Contribution Guide for Donor-Advised Funds

Donor-advised funds (DAFs) are the nation’s fasting growing charitable vehicle, due to their versatility and efficiency. An NPT DAF provides the opportunity to contribute a wide range of assets, allowing donors to convert these assets into charitable capital. Below, you can read about the guidelines governing the process of contributing assets of all types.


General Rules

Any contribution to your DAF is irrevocable. Assets cannot be taken back once gifted to the DAF account; while the assets belong to the sponsoring organization following contribution, donors maintain advisory privileges and can recommend how the assets are granted. Contributed assets can only be used for charitable purposes. All contributions are subject to approval, and the sponsoring organization retains exclusive legal control over the contributed assets. Cash contributions to a DAF are deductible at up to 60% of adjusted gross income (AGI), and non-cash contributions generally can be deducted up to 30% of AGI, with a five-year carry-forward.

Sponsoring organizations often require a minimum initial contribution to establish a DAF account, which may range up to $250,000; NPT requires an initial contribution of $10,000. Once your DAF account is established and funded, you can make subsequent contributions in any amount at any time. Many donors prefer to replenish their accounts immediately following a grant recommendation. Others make regular contributions to build their account for future grantmaking. The contributed assets remain in the DAF until the donor recommends a grant. NPT’s policy stipulates that a donor must grant out at least $250 to a qualified charity every 36 months, but otherwise, the funds can remain invested in the DAF account indefinitely.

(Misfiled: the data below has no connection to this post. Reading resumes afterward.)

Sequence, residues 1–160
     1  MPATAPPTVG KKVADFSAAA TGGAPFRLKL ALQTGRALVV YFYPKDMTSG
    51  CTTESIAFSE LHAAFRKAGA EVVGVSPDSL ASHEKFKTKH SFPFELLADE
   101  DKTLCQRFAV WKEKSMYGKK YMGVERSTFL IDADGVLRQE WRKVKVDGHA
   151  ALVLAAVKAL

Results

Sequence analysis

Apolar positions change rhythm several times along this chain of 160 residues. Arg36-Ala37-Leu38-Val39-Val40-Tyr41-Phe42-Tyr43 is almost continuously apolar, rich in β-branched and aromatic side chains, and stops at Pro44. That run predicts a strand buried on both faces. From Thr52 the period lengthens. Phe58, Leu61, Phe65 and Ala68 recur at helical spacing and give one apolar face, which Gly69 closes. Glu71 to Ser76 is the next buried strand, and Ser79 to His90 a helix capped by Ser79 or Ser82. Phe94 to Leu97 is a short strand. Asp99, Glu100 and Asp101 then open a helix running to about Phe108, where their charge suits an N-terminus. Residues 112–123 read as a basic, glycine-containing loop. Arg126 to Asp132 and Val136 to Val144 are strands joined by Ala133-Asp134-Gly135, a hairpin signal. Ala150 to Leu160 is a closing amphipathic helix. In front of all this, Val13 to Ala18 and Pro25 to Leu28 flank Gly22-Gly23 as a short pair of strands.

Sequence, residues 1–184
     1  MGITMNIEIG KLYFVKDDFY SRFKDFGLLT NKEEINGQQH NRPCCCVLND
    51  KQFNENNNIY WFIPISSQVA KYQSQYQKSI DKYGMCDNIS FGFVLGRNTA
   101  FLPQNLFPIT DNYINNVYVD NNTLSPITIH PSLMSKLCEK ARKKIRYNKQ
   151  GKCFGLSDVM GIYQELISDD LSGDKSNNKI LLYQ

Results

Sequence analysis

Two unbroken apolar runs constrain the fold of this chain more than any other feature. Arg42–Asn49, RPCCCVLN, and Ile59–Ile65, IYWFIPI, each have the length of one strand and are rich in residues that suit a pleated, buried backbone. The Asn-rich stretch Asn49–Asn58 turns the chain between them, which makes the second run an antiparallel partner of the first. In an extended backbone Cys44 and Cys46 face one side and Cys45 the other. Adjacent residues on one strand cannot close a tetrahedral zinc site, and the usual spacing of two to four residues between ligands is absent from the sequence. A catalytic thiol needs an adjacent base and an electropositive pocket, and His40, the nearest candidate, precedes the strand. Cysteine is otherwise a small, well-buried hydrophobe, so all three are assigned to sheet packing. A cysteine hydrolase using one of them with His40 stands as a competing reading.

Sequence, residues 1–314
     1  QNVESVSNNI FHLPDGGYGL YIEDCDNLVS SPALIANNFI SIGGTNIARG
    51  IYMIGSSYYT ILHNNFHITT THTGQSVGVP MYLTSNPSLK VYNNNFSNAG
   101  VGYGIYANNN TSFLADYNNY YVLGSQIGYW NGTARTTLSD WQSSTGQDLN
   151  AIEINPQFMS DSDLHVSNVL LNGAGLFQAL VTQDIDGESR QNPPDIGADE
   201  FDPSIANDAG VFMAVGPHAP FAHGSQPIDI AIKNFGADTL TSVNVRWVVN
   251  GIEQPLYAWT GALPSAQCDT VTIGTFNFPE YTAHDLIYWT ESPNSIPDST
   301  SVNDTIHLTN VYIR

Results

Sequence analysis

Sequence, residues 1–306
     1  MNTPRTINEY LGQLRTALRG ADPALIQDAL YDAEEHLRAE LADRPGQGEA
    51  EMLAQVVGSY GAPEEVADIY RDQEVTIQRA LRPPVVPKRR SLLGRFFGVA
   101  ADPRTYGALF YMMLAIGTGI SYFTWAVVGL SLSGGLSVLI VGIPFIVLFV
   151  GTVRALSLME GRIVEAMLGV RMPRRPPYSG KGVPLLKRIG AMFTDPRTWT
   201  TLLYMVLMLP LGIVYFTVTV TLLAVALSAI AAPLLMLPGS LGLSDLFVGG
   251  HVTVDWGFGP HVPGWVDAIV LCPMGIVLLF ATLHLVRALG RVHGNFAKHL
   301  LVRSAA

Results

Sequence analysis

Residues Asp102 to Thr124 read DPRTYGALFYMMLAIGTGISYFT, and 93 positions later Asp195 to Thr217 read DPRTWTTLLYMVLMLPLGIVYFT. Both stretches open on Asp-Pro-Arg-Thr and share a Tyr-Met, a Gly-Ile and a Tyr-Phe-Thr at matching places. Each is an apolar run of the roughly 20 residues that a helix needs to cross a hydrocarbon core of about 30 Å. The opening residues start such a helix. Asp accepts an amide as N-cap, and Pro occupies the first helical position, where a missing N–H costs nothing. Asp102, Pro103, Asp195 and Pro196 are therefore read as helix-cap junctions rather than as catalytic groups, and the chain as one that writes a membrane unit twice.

Once your contribution is accepted, it is invested according to your recommendations. NPT offers several standard model portfolios as DAF investment options as well as thematic impact investment portfolios. If you contribute cash, funds are invested on the same business day as they are received. If you contribute publicly traded securities or other non-cash assets, the funds will be invested after proceeds from their sale are received. NPT is committed to selling non-cash assets in a responsible and timely fashion.

The following is a non-exhaustive list of the types of contributed assets NPT may accept for donation:

Acceptable Asset Types
  • Cash
  • Cash equivalent assets
  • Credit card gifts
  • Publicly traded securities
  • Restricted securities
  • Control securities
  • Exchange-traded funds
  • Mutual funds
  • Closely held business interests (C-corporation, S-corporation, etc.)
  • Private equity fund interests
  • Hedge fund interests
  • Cryptocurrency
  • Real estate
  • Fine art and collectibles
  • Life insurance policies
  • Testamentary gifts and gifts from trusts
  • Transfers from an existing foundation or other donor-advised fund
  • Distributions from a retirement account

Contributions of illiquid assets are reviewed on a case-by-case basis. Additional due diligence is required to complete the contribution.

Contribution Deadlines